LANSING – The state should conduct a thorough audit of all captive deer and elk facilities and transfer oversight of the industry to the Department of Natural Resources if it hopes to keep chronic wasting disease (CWD) out of Michigan, a governor-appointed task force said Wednesday. Calling CWD “the most serious threat to the health and well-being of Michigan’s deer and elk herds,” Howard Tanner, who co-chaired the task force, presented 12 recommendations designed to keep the state free from the degenerative neurological disease.

“Our line is we’re going to keep it out, we’re going to prevent it,” Tanner said. “We don’t want to have to deal with it.”

CWD is similar to mad cow disease, caused by a mutated protein. First discovered in pen-reared animals in Colorado in 1967, the disease has since been found in deer and elk in 10 other states and two Canadian provinces.

An estimated 800 private deer and elk facilities operate in Michigan, raising animals for private hunting clubs, venison and antlers. They are regulated by the Department of Agriculture, to which oversight was transferred from the DNR in 2000 by the Legislature.

But the report drew criticism from the agricultural community.

Dan Marsh, executive director of the Michigan Deer and Elk Farmers Association, said the report focused almost entirely on the captive deer and elk industry, although the disease has been found in free-ranging animals as well.

“The main concern is they did not address the issue that the best preventative for any wildlife disease is a well-managed deer herd,” Marsh said. “That may be stating the obvious, but we thought it should be in there. We’re surprised that it’s not.”

Michigan Farm Bureau spokesman Ron Nelson said his group feels oversight ought to remain with the Agriculture Department.

But Tanner said the DNR is a more logical choice because of its law enforcement capabilities. Private deer and elk facilities are required to be licensed, maintain fences and keep accurate records of transactions.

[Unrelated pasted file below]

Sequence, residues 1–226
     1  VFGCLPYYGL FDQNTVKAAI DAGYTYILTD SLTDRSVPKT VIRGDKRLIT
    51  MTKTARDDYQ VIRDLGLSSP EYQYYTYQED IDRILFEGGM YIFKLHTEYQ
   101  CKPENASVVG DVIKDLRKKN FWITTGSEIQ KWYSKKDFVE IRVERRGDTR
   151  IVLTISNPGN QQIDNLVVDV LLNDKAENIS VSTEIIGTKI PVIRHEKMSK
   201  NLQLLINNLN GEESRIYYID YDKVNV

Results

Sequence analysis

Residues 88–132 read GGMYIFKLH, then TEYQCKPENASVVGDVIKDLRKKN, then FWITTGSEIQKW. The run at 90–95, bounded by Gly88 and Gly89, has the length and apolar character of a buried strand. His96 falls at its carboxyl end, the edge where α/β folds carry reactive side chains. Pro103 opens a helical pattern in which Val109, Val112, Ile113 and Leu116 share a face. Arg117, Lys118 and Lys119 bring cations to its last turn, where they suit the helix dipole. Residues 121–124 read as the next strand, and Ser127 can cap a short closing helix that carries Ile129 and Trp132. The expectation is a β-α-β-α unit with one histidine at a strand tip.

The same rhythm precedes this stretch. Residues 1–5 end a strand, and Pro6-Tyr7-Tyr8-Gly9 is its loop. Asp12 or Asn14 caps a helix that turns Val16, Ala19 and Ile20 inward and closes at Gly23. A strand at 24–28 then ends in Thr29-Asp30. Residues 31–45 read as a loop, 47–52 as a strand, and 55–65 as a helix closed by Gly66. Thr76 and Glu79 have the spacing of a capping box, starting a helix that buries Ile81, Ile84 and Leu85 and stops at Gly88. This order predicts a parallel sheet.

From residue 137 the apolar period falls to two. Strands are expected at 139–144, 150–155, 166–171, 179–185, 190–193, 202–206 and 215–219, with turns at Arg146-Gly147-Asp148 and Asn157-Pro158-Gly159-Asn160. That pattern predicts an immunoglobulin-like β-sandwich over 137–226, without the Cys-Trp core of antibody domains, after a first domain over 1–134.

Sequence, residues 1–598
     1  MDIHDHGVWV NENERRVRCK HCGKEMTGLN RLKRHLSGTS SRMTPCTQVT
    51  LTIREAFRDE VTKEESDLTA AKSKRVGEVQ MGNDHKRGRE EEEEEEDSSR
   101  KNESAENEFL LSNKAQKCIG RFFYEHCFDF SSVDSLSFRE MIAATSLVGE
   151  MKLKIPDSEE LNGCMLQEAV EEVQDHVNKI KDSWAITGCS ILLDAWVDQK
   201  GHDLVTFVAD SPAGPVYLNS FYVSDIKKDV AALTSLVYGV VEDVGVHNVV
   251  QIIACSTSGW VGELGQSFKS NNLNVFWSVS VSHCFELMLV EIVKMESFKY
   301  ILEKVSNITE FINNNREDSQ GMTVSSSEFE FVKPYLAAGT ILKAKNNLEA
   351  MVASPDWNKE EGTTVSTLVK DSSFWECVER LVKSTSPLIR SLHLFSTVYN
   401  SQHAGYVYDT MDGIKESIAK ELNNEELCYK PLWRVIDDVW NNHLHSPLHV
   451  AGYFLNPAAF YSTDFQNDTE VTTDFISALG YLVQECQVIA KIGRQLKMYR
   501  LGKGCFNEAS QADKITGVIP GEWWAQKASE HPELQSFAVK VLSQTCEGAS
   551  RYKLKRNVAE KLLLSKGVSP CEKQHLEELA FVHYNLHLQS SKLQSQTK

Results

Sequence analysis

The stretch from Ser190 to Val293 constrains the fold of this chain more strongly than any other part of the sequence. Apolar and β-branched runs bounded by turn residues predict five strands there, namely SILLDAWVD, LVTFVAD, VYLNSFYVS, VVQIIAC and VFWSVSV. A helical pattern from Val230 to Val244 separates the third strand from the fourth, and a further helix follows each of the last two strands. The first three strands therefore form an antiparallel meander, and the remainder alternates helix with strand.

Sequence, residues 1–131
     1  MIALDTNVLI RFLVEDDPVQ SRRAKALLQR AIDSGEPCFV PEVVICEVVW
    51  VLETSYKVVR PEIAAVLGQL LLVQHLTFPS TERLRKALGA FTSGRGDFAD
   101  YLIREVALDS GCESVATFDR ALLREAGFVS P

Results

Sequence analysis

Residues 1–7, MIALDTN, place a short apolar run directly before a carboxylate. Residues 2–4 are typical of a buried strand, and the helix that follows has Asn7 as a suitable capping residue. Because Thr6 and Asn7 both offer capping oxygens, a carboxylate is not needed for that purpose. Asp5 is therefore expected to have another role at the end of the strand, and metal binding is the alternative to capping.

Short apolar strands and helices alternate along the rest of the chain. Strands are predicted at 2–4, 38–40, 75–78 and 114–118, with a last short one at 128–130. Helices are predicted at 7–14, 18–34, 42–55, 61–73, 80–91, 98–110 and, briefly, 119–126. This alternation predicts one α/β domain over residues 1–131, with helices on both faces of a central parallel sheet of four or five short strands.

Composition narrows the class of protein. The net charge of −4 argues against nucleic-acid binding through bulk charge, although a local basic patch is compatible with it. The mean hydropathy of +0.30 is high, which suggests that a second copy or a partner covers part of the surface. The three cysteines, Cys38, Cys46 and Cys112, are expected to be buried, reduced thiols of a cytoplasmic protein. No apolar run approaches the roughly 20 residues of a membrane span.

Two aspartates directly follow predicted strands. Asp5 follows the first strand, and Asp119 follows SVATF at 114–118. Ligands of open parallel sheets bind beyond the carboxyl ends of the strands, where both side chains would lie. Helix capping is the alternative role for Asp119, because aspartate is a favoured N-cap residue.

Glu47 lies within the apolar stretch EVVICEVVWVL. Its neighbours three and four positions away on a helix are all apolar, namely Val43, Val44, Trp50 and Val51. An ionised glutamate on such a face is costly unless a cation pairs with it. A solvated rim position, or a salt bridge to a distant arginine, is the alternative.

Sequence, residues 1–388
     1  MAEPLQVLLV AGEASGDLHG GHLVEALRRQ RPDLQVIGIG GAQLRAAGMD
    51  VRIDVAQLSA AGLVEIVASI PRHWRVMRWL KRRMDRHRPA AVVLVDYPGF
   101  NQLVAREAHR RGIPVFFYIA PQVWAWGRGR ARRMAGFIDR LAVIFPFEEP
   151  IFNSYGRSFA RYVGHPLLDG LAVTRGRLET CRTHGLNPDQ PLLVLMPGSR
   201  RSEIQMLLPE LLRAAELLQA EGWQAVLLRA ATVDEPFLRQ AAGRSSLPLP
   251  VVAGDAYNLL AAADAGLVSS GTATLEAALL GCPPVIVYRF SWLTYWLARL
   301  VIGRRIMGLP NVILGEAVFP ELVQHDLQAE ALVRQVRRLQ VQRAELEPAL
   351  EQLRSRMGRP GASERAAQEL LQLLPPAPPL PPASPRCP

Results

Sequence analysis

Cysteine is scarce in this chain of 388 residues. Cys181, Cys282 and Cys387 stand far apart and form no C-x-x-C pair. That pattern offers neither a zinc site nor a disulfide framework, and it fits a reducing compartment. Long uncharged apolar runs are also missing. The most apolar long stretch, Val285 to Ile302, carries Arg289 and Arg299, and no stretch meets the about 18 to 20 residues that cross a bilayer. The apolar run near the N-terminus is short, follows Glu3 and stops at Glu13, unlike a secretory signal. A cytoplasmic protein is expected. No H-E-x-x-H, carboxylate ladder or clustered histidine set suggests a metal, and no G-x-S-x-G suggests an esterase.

“It is going to take resources and I’d like to think it’s serious enough, even in these troubled (financial) times,” Tanner said. “We don’t want to have to deal with (CWD).”

The task force, which met throughout the summer, was impressed by an audit of the captive deer and elk industry in Wisconsin, which found CWD on both private farms and in the wild herd, Tanner said. The Wisconsin audit showed that escapes from captive facilities were commonplace and farmers often failed to report transfers and acquisitions of animals, as required by law. The movement of diseased animals is thought to have contributed to the spread of CWD.

The task force also recommended that the current rule against importing deer and elk be extended until a full-scale risk assessment has been conducted.

But that’s not good enough, said Sam Washington, executive director of Michigan United Conservation Clubs. Washington said the import ban should remain in effect until a live-animal test for CWD is available.

Otherwise, MUCC likes the report, especially the transfer of oversight to the DNR.

“The DNR has a very viable enforcement division,” Washington said. “The (Agriculture Department) does not. It is regrettable that the transfer of authority on licensing and policing these facilities ever took place.”